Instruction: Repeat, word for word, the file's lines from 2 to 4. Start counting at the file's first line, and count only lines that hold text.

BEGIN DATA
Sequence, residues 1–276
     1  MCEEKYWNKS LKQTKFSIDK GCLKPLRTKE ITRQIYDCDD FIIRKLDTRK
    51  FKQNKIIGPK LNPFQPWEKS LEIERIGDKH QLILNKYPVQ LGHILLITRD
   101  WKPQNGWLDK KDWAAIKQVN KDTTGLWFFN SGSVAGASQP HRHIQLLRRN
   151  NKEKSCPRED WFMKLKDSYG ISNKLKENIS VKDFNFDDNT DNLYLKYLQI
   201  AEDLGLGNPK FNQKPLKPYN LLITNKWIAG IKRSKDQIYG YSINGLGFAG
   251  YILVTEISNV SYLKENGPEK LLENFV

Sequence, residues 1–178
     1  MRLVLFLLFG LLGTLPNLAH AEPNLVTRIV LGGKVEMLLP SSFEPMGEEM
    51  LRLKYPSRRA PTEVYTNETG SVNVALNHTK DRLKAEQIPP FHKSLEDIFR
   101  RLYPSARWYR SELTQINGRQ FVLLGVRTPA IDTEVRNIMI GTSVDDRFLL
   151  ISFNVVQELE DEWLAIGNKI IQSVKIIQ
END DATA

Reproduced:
     1  MCEEKYWNKS LKQTKFSIDK GCLKPLRTKE ITRQIYDCDD FIIRKLDTRK
    51  FKQNKIIGPK LNPFQPWEKS LEIERIGDKH QLILNKYPVQ LGHILLITRD
   101  WKPQNGWLDK KDWAAIKQVN KDTTGLWFFN SGSVAGASQP HRHIQLLRRN